Resources:
https://www.bicycling.com/training/strength-training/the-ultimate-guide-to-your-cycling-muscles
http://www.bicycling.co.za/training-nutrition/5-upper-body-strength-moves-for-cyclists/6/
https://www.trainingpeaks.com/blog/the-best-strength-exercises-for-cyclists/
https://www.trainingpeaks.com/blog/the-primary-muscles-used-for-cycling-and-how-to-train-them/

 

WTF: Hydrogenated Oils

It all started when I jumped on the scale solely for the purpose to learn how to use the body composition analysis scale at the gym where I train clients. I knew I wasn’t 12% body fat, but when the scale said I was 28.4% body fat, I damn near fell over from shock. I played it off like, “Yeah, sure… how accurate are these things anyways?” I wasn’t fooling anyone.

Now I have a complex and think I’m overweight.

As I perused my emails, my buddy, Ben Greenfield, sent an email with the subject: “the secret key to fat loss + 5 ways you can get lean fast.” In my fragile state, I eagerly clicked to open the email, waiting for the epiphany for losing this 28.4% body fast ASAP.

Essentially, inflammation is making us fat. Greenfield said to decrease the inflammation in your body, which will decrease the insulin, and then this causes fat cells to die off or convert to other cells. Avoid rancid oils, processed oils, heavily heated oils. Choose natural oils like extra virgin coconut oil, extra virgin olive oil, and extra virgin avocado oil.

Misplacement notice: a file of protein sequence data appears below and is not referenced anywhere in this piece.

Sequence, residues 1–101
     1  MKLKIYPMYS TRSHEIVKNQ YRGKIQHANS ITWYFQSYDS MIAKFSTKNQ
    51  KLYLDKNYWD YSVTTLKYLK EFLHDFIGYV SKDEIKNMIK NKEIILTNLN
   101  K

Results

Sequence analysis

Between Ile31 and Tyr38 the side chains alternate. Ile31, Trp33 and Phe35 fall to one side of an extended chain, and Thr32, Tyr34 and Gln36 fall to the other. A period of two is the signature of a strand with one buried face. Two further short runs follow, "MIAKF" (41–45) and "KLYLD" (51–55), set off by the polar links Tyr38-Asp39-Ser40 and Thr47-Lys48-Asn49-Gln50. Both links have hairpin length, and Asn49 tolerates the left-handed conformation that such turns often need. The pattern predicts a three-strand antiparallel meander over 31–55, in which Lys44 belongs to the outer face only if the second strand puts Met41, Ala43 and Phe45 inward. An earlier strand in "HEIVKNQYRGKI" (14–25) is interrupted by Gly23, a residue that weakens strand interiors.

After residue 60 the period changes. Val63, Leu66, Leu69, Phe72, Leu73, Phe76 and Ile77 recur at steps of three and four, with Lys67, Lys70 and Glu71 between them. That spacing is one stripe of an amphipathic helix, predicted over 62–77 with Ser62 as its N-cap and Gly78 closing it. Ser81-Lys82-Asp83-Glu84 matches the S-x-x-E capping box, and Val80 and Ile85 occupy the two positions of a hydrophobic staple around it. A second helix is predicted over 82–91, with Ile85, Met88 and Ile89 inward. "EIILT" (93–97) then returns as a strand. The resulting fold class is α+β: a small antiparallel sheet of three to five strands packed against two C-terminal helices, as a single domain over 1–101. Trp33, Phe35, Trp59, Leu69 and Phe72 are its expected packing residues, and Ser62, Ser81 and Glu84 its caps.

What is hydrogenated or refined oil?

LiveSTRONG defined hydrogenation and trans fat as:

“Hydrogenated oils are vegetable oils whose chemical structure has been altered to prevent rancidity in foods, which increases shelf life and saves money for food manufacturers. The process of hydrogenation involves the addition of hydrogen atoms to the oil’s available double bonds. As the level of hydrogenation increases, the level of saturated fat increases and the level of unsaturated fat decreases. The hydrogenation process converts what are known as “cis” double bonds to “trans” double bonds. This is where the term “trans fat” originates. Hydrogenation also has the technical advantage of making foods solid or partially solid at room temperature.”

Huh?

When an oil is hydrogenated, the healthy fats are converted into trans fat.

Happily Unprocessed define refined oil as oil that’s been “refined by using chemicals that are harmful to us.” What kind of chemicals? Acid, alkali, bleach, and Hexane. You can read how oil gets refined here.

 

Why hydrogenated/refined oils are no bueno

Trans fats really screw you over. They increase bad cholesterol (LDL) while also decreasing good cholesterol (HDL). They increase inflammation in your body and have been linked to heart disease, stroke, and diabetes. Inflammation, as we’ve learned from Ben also makes you fat. So, not only are you increasing your chances of having some shitty disease, but you’re also getting fat.

 

How to avoid them

Read nutrition and ingredients label. Companies do not have to list trans fats if there is less than .5 grams of trans fat per serving. Instead, companies will list “hydrogenated” or “partially hydrogenated” which means there’s totally trans fat in the food.

Eat food that doesn’t have a nutrition label, or if it does, you can pronounce all the ingredients.

 

List of oils & hydrogenated foods